About Our Organ:
In his memoir, “The Substance of Things Hoped For,” Rev. Samuel DeWitt Proctor details the story of a congregation in Harlem that chose to invest in an organ for their church, an instrument that would allow its congregants to worship and “copy the great sounds of nature – the rolling thunder, the wind whistling through the trees, and the thrush singing a love song. The music cleanses their spirits, drives out ugly thoughts, puts wings on their prayers and wafts them heavenward. Oh, yes! The organ works for them! They can go out of here and find a job, do it well, get paid, and eat on time. They are not hungry. They have an organ in their lives!”
Pipe Organs, referred to as the King of Instruments, have always been amazing machines, individually crafted, and complexed instruments. But the organ at First United Methodist Church, Lake Charles, has a contemporary personality to complement its original glorious sound.
The building and installation of this pipe organ, Opus 634, built by Schantz Organ Company, began in 1963, and was completed in 1964 for the grand total of $52,047.00. Current replacement value is approximately $1.1 Million! It has 39 ranks (sets) of pipes, housed in three pipe chambers which are in two decks behind the grill cloth at the back of the choir loft. There is a pipe for every pitch (key) on the organ for each rank of pipe – the bigger the pipe, the lower the pitch and the smaller the pipe, the higher the pitch. Each rank of pipes has its own unique sound, according to different materials used, size, scaling, and octave pitch. So we have the softest flute or string sounds to bombastic reeds (trumpet sounds), with the basic organ sounds of Diapason pipes to provide strength for hymn singing.
The 2,294 individual pipes on this particular type of Pipe Organ, is controlled by the organ console, which has 3 keyboards, called “manuals” and a pedal keyboard, played by the feet (unique to organs). There is a complex system of wiring, pneumatic (air) valves, electrical, and solid-state switches in the form of “stops” (draw knobs - which also start the sound), couplers and keys at the console.
In 2015, the computer “brains” of this organ, was replaced by a Peterson ICS4000 specialized system that allows multiple organists to control settings; allows recording and actual playback of the instrument; and has MIDI capabilities which means a digital keyboard can be connected to it, allowing synthesized sounds to be played from the pipe organ and can be played through an amplifier and large speakers installed in the organ chambers in 1992.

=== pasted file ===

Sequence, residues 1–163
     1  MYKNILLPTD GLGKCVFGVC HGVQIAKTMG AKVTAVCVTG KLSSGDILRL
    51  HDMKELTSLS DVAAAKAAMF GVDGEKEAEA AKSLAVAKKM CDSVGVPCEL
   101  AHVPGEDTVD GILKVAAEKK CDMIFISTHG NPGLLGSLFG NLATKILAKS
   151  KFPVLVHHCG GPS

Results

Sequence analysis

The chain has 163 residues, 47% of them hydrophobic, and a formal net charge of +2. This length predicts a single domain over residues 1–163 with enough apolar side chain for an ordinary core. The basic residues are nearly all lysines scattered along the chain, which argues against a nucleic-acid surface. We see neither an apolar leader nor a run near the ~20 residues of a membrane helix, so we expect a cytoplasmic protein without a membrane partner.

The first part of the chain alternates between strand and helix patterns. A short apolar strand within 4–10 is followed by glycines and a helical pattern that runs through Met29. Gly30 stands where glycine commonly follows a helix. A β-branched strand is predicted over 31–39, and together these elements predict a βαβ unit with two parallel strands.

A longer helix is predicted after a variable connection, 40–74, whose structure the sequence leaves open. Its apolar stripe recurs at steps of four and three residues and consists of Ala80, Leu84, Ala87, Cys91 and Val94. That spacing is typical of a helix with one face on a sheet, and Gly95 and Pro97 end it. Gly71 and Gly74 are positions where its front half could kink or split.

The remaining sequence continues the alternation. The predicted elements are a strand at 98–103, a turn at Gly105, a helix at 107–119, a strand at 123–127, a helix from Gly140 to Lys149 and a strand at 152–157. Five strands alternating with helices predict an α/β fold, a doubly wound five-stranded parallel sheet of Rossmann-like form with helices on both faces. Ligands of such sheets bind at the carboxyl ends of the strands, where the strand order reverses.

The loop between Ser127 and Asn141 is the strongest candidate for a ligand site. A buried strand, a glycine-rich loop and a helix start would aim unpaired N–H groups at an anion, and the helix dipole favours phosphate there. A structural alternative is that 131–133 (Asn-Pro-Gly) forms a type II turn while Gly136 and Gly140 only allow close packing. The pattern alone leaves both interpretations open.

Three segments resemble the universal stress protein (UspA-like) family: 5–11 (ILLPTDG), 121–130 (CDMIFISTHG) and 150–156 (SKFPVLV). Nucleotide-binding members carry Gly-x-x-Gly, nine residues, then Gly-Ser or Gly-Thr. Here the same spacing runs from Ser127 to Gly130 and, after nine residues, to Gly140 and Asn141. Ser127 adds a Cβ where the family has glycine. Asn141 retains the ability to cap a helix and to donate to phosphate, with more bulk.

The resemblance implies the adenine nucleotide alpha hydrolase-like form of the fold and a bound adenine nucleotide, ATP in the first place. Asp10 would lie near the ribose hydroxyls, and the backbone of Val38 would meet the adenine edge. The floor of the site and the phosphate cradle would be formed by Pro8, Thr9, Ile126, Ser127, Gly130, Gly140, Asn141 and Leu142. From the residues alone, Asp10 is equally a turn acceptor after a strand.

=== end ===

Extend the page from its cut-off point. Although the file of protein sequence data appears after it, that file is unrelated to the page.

Each rank of pipes sits on a wooden “wind-chest”, where air is blown into by 2 large blowers, one on the main floor and one in an upper chamber, through very large tubes and the air pressure is regulated by large bellows.
Obviously, the Pipe Organ requires regular maintenance, at least twice a year, by specialized technicians. The organ at FUMC, Lake Charles is maintained by Rive Pipe Organ in Metairie.
For more information or to receive a private tour of the Pipe Organ, Contact the organist, Marlene Mullenix.
Pictured Above Is Our Organist Marlene Mullenix
About Our Organist:
Marlene Mullenix is a native of Calgary, Alberta, Canada, where she studied piano, theory,
voice, and organ. She earned her Associate Diploma (A.T.C.L.) in Piano Performance, from the
Trinity College of Music, London, England in 1977 followed by the Piano Associate Diploma
(A.R.C.T.) in Piano Pedagogy, from the Royal Conservatory of Music, University of Toronto. In
1982 she also received the Licentiate Diploma (L.T.C.L.) in piano from Trinity College. A
Master of Music Degree in Organ Performance from Rice University in Houston came next in
Marlene has held organist positions in Calgary, Toronto, (Canada), Denmark and Houston.
In 1989 she became full-time Director of Music & Organist at First United Methodist Church for
6 years. From 1995 – 2002 she was organist at the Cathedral, accompanying the Cathedral
Chorale on a tour in 1998, to Rome, Italy for a Papal Mass on Christ the King Sunday, as well as
performing other concerts and Masses in Rome and the area.
Mrs. Mullenix has also been organist at First Presbyterian Church, Lake Charles, (1997-2005),
Immaculate Conception Church and The Church of Our Lady LaSallette in Sulphur, and most
recently returned to First United Methodist Church as organist from 2010 until following David
to Saudi Arabia in 2016. At the end of 2017 Marlene came back to the US to return to the
Cathedral as principal organist, spending half of 2018 in the US and the other half in Saudi.
Once again, Marlene returned to First United Methodist Church in August 2019, still carrying on
duties at the Cathedral.
Marlene also teaches piano & organ lessons privately and is a Certified teacher for the Royal
Conservatory of Music, Canada, in the US. She enjoys playing the harp and flute for fun. She is
married to David Mullenix.